I also helped another group of that landlord’s, who used to live on that block before moving his young family in the early 2000s and becoming a landlord, tenants secure their City-required recycle bin. His comment, “oh, I didn’t know.” He no longer responds to my requests to have his tenants—or himself—meet City codes or respect the very neighbors whose help they welcomed just a year ago.

More recently, Cope’s tenants commence a campaign of harassment, which he endorses by having his Powell, not Columbus-based, debt-collector/attorney named Lackey, express mail me a brief letter ordering me to stop “repeat[ed . . .] trespass[…] on the Property and “expressly prohibit[… me] from entering the Property for any reason.”

Lackey provides no evidence, does not have his “warning” notarized or filed, nor secures physical proof of my receipt. The Ohio Code passage he cites is irrelevant to the issue. This is bullying, not practicing law. It is an illegal mode of conduct but a not unusual “business practice.”

I have not “entered the Property.” I had tenants’ permission to stand on their walk or porch when speaking to them. Once I left a message in their mailbox. There is no “repeated […] trespass[…].”

Lackey has written me again after I knocked on the eight young women’s front door—which CPD confirms I have the legal right to do—after their deposited their scooter on my lawn.

I am filing a complaint with the Columbus Bar about harassment, threatening, and intimidation regarding Lackey and Cope. This is how they deal with their student tenants and others.

In another example, after learning about the confusion and contradictions sowed by a nearby OSUlive tenants’ lease that explicitly forbid them from placing their garbage bins exactly where the law specifies, I contacted the City Department of Refuse who explained the tenants’ rights and responsibilities to them. They then firmly informed the landlord of the facts on the ground. This department is exceptional. It is almost alone among its City peers in its commitment to genuine public service.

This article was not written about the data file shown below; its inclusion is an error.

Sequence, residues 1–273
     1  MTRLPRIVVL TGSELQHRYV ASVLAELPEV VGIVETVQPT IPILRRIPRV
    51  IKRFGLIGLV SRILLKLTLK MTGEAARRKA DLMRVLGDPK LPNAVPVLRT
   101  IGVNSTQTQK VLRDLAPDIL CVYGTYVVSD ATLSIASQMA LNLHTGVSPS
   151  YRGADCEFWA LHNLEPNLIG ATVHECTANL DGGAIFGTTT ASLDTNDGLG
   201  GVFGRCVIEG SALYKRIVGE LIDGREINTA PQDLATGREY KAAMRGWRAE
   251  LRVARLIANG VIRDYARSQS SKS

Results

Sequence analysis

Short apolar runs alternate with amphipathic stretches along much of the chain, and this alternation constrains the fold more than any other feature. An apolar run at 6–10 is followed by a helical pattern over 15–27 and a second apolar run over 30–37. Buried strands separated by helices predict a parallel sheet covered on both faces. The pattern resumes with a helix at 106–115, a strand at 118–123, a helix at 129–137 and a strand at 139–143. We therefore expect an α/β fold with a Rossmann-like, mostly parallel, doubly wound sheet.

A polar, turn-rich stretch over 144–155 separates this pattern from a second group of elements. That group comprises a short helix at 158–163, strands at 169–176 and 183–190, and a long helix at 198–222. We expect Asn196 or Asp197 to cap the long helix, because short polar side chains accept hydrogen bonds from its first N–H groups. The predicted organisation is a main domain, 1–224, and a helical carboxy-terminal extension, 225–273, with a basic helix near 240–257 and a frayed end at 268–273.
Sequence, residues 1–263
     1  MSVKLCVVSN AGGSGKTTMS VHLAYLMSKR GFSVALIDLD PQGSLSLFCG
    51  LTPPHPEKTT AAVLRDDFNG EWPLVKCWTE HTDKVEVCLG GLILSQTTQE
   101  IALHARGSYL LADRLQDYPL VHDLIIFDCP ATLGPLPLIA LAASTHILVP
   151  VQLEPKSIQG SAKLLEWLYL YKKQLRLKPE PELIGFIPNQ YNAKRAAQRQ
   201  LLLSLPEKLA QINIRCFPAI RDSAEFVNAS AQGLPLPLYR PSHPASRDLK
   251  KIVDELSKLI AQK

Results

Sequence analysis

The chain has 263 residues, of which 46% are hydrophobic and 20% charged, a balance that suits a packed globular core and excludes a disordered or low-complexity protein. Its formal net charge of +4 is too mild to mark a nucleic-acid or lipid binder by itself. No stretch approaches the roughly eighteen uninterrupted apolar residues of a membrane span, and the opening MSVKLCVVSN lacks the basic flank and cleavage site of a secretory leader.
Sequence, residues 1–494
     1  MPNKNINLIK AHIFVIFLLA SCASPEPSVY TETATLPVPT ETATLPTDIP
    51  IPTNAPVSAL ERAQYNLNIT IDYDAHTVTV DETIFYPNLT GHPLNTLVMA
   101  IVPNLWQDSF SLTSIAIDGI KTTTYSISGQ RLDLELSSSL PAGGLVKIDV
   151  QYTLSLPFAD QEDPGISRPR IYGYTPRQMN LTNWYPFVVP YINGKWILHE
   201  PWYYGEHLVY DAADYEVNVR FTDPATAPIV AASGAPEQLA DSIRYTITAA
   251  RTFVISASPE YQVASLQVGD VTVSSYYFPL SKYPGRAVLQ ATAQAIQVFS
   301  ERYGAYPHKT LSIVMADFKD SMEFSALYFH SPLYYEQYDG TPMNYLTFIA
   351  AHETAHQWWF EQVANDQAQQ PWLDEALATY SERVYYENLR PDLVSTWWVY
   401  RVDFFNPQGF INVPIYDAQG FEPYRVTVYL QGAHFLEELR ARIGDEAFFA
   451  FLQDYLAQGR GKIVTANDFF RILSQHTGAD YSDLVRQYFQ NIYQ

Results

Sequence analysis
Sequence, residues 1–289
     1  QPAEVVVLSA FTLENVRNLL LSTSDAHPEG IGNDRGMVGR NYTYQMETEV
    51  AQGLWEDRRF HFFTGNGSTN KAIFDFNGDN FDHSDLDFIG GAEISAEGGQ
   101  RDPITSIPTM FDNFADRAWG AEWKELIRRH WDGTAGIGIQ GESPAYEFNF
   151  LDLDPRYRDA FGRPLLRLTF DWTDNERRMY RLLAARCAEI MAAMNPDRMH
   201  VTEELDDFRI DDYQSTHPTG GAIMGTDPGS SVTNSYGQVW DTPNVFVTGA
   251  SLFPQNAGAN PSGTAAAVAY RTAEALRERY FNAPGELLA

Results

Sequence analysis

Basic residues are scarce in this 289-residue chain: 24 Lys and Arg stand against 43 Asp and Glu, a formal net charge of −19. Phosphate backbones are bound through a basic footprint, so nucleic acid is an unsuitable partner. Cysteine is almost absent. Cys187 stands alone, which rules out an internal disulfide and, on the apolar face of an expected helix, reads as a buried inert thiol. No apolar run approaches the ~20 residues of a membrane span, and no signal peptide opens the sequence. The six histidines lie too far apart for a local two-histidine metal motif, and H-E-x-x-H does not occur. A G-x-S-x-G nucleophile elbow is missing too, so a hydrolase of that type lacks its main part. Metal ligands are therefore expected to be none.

Can the spiral of destruction, corruption, collusion, and criminality be stopped or at least slowed? I don’t know. But there is no reason for optimism.

If the City, OSU, the “neighborhood” associations, and not least the student tenants themselves would step forward, more or less together, the cages might rattle.

Of course, the students need the resources of the others. Who will provide them? Who will lead? We know who will not. That, of course, is the Columbus and OSU Way.


Harvey J. Graff is Professor Emeritus of English and History at The Ohio State University and inaugural Ohio Eminent Scholar in Literacy Studies. Author of many books, he writes about a variety of contemporary and historical topics for Times Higher Education, Inside Higher Education, Academe Blog, Washington Monthly, Publishers Weekly, Against the Current; Columbus Free Press, and newspapers. Searching for Literacy: The Social and Intellectual Origins of Literacy Studies was published by Palgrave Macmillan in August. My Life with Literacy: The Continuing Education of a Historian. The Intersections of the Personal, the Political, the Academic, and Place is forthcoming.